Steve Young is one of the greatest NFL quarterbacks of all time. In his 1994 season with the San Francisco 49ers, he threw for 3,969 yards and 35 touchdowns, and was named MVP of the Super Bowl. But what few people know is that Steve Young was also one of the greatest quarterbacks ever to play in the USFL. Huh? What's that?!
You're forgiven if your memory's a little hazy. The United States Football League was a rival football league launched in 1983 that actually snatched some stars from the NFL before folding under massive financial failure in 1987. In 1984, Steve Young was an All-American out of Brigham Young University who was courted by several professional clubs, including the Los Angeles Express of the USFL. But it was only the Express who offered him a $40 million, 43-year contract. Yes, a 43-year contract.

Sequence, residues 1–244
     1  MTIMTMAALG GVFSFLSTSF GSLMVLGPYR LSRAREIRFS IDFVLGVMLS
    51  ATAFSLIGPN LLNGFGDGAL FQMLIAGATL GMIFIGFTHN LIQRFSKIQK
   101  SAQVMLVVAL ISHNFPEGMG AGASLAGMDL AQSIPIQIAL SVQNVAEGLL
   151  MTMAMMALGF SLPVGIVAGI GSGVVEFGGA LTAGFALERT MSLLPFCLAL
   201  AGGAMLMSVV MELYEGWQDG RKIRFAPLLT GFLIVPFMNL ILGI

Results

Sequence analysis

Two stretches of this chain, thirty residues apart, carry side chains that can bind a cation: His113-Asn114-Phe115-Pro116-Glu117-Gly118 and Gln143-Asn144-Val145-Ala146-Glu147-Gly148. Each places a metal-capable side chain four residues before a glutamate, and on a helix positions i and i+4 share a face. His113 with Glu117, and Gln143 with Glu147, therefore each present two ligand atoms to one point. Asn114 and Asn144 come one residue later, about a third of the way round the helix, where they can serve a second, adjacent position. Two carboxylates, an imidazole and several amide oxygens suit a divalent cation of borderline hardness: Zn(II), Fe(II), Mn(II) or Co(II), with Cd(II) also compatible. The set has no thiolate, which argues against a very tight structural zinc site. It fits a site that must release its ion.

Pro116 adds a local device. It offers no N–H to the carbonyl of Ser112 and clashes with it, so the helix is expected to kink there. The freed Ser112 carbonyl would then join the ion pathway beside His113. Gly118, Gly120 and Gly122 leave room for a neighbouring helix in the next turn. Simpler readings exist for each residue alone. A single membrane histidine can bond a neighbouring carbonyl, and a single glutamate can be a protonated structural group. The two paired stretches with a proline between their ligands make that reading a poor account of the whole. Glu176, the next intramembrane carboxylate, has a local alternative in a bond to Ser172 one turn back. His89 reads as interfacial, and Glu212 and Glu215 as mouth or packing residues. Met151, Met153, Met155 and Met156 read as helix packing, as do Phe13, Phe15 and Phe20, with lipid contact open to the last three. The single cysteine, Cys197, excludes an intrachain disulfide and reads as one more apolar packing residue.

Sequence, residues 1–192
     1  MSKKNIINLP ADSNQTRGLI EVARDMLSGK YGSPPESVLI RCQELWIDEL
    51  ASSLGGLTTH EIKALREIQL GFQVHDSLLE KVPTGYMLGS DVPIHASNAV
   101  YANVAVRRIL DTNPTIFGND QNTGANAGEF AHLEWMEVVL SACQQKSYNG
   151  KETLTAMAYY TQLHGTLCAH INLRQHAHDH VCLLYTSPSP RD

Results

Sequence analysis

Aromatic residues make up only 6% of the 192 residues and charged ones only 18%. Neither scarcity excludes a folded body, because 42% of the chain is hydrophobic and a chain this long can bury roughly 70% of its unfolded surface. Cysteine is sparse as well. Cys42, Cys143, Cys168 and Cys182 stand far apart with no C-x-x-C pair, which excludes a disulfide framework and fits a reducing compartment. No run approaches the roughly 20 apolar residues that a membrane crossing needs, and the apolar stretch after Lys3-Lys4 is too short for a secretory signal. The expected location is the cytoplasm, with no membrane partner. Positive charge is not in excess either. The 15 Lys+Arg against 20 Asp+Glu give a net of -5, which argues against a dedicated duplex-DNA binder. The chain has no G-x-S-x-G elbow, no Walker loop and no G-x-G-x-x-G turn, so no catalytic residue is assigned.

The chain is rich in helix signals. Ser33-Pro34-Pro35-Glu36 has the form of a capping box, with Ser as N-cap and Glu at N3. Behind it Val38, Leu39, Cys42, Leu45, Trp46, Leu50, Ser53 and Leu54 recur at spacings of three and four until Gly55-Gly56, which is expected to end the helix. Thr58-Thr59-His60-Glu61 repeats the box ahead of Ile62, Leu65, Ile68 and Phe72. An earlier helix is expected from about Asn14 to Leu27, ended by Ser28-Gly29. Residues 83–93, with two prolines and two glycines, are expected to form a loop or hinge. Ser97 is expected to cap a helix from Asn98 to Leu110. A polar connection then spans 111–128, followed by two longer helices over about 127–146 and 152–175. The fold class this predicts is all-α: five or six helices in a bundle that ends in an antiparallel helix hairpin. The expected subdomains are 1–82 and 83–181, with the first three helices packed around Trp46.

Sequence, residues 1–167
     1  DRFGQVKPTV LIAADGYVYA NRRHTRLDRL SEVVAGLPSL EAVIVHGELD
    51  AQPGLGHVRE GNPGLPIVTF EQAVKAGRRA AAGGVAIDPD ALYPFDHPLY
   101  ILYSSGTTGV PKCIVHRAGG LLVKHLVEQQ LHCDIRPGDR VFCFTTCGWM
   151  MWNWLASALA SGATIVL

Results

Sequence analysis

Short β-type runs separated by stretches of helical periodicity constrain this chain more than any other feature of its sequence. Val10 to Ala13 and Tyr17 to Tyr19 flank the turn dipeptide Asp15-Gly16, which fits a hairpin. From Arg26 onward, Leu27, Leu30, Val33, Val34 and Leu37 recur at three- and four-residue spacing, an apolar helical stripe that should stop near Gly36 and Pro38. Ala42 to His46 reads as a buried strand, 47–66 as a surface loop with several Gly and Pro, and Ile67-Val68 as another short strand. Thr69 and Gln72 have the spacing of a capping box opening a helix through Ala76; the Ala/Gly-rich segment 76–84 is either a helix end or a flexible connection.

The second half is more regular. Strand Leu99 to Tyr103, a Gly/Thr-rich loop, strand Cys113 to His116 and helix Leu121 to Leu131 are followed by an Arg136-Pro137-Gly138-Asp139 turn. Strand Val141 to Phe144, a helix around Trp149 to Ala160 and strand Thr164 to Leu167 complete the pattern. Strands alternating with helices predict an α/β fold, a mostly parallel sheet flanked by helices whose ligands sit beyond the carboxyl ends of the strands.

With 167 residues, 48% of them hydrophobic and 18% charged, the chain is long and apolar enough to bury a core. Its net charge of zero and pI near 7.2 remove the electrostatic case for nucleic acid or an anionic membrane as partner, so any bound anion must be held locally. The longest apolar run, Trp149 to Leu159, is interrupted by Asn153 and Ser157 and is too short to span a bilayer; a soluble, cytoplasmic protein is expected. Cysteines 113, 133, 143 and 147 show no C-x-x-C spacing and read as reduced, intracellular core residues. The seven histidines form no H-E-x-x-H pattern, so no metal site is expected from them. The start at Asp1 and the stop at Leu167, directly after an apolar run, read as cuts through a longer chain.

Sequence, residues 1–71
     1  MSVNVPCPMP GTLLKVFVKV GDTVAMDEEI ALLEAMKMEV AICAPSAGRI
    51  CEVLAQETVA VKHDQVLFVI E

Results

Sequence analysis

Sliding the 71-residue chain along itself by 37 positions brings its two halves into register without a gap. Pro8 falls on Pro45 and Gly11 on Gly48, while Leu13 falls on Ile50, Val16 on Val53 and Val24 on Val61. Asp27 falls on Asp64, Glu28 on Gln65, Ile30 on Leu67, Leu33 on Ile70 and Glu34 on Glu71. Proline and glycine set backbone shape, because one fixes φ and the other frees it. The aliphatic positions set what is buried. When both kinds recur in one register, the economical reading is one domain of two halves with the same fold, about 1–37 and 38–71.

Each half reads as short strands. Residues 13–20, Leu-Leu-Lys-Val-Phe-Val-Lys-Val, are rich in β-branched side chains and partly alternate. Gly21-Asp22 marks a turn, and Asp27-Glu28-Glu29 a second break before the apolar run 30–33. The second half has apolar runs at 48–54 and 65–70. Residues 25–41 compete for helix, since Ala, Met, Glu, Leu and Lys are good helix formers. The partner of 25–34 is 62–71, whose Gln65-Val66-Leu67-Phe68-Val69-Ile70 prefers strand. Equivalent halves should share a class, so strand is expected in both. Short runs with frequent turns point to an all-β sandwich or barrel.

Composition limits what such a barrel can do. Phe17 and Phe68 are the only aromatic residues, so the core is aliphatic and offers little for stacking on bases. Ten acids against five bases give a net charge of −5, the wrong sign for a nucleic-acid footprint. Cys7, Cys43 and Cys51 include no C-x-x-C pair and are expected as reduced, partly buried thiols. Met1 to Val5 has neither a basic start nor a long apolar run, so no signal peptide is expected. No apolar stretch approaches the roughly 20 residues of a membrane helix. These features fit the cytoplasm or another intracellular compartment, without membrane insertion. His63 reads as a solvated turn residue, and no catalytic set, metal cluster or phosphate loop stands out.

All right, technically it's a four-year playing contract for $5.9 million with an additional $34.5 million in deferred payments. How do these deferred payments work, exactly? Young signed the contract when he was 22. Starting at age 28, he would receive annual payments beginning at $200,000 and increasing to $3.173 million for the final payment of his contract, sometime in the year 2027 [source: Kirshenbaum].
But the most egregiously absurd clause of the contract on the owners' side is that they guaranteed these payments even if the USFL went belly up (which it did) or Young decided to flee for the NFL after he wrapped up his four-year commitment to the Express. So somewhere, Steve Young is shining his three Super Bowl rings (he backed up quarterback Joe Montana for his other two) and collecting a fat annual check for the three forgettable (but not regrettable) years he spent in Los Angeles.